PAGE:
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Gastric and Stomach Cancer

Gastric cancer, also called stomach cancer, forms in the stomach lining. Learn more about types of stomach cancer and treatment options at Baptist Cancer Center.

Gastric and Stomach Cancer Explained

Gastric (stomach) cancer forms in the lining of the stomach. In many cases, it develops slowly over several years. Although pre-cancerous changes can be an early warning sign, they typically cause no symptoms until reaching an advanced stage.

Stomach cancer mostly affects people older than 50. According to the American Cancer Society, the number of new stomach cancer cases has decreased 1.5 percent each year for the last 10 years. 

Gastric and Stomach Cancer Treatment Options

If doctors suspect stomach cancer, they will perform a series of tests to confirm a diagnosis. Stomach cancer tests include:

  • Physical exam
  • Upper endoscopy
  • Endoscopic ultrasound
  • Biopsy
  • Imaging tests
  • GI series
  • CT, CAT scan, or MRI
  • Chest x-ray
  • A complete blood count (CBC)

The preferred approach to stomach cancer treatment combines two or more of the following methods: surgery, chemotherapy, targeted therapy, radiation therapy, and immunotherapy.

The Different Types of Stomach Cancers


About 95 percent of stomach cancers are adenocarcinomas, which develop in cells within the stomach lining. These cells make and release fluids and mucus.

Carcinoid tumor
This type of gastric cancer forms in cells that make hormones and typically does not metastasize (or spread) to other organs.
Gastrointestinal stromal tumor
While GISTs form anywhere in the digestive tract, most develop in young cells inside the stomach wall. They can be benign (non-cancerous) or malignant (cancerous).
Sometimes found in the wall of the stomach, lymphomas are cancers of the immune system tissue.

Learn the Symptoms and Causes

Recognizing the signs of gastric and stomach cancer allows for timely intervention, potentially increasing the chances of successful treatment and improving your quality of life.

What are gastric and stomach cancer causes and risk factors?

Scientists don’t yet know what causes stomach cancer. Research is ongoing, including studies considering how pre-cancerous changes affect the stomach lining. Certain conditions may progress to cancer, including:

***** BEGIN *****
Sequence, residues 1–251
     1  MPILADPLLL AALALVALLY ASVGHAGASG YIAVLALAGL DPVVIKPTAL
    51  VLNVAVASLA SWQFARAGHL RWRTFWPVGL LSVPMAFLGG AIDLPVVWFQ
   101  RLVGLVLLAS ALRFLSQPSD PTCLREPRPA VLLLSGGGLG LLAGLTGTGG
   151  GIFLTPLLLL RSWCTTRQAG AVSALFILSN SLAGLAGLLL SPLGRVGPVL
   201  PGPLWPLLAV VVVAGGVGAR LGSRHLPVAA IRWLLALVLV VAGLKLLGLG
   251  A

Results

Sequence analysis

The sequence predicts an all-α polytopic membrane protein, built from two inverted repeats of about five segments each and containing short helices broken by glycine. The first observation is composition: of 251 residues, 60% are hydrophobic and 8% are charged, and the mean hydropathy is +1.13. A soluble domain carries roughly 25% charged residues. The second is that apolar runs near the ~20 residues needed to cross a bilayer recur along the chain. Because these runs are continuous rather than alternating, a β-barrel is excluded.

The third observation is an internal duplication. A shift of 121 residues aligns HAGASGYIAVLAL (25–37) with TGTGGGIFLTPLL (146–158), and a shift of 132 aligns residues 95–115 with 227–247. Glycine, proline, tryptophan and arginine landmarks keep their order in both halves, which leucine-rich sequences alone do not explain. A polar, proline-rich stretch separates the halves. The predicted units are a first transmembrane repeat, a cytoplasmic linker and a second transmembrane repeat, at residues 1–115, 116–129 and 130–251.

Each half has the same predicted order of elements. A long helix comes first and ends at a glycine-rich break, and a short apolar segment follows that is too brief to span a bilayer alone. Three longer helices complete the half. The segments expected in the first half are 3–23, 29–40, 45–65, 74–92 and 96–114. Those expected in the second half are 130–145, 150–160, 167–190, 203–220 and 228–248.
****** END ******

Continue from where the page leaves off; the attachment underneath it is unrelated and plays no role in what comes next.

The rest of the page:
• Chronic atrophic gastritis: This condition is caused by H pylori infection or an autoimmune reaction where the immune system attacks cells in the stomach. Some people with this condition develop stomach cancer.
  • Intestinal metaplasia: Normal stomach lining is replaced with cells that look like the cells lining the intestine. It is not yet known why this change develops into stomach cancer.

There are many risk factors that can contribute to a stomach cancer diagnosis, including:

  • Gender (more common in men than women)
  • Age (risk increases over 50)
  • Ethnicity (more common in Hispanic Americans, Native Americans, African Americans, and Asian/Pacific Islanders)
  • H pylori infection
  • Stomach lymphoma
  • Diets containing large amounts of cured, smoked or processed meats
  • Smoking tobacco
  • Heavy alcohol use
  • Obesity or being overweight
  • Stomach surgery
  • Pernicious anemia
  • Type A blood
  • Inherited syndromes, such as BRCA1, BRCA2, and hereditary diffuse gastric cancer
  • Family history of cancer
  • Working in the coal, rubber, or metal industry

Common Signs and Symptoms

Early-stage stomach cancer is difficult to detect. The disease rarely causes symptoms until it reaches an advanced stage. Stomach cancer symptoms may include:

  • Abdominal pain, discomfort, or swelling
  • Poor appetite
  • Feeling full in the upper abdomen after eating a small meal
  • Indigestion
  • Nausea or vomiting
  • Unintentional weight loss
  • Anemia (low red blood cell count)
  • Blood in the stool

Signs of stomach cancer can also be signs of a less serious condition, such as a stomach virus or ulcer. If you experience these symptoms, consult with your doctor to determine a cause and treatment plan.

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Connect With a Patient Navigator

As a patient at Baptist Cancer Center, you will have access to a dedicated patient navigator who will act as your advocate and liaison between you and your health care teams. Our patient navigators are available at every step to schedule appointments, answer questions, explain the treatment process, and provide resources, education and support when you and your family need it.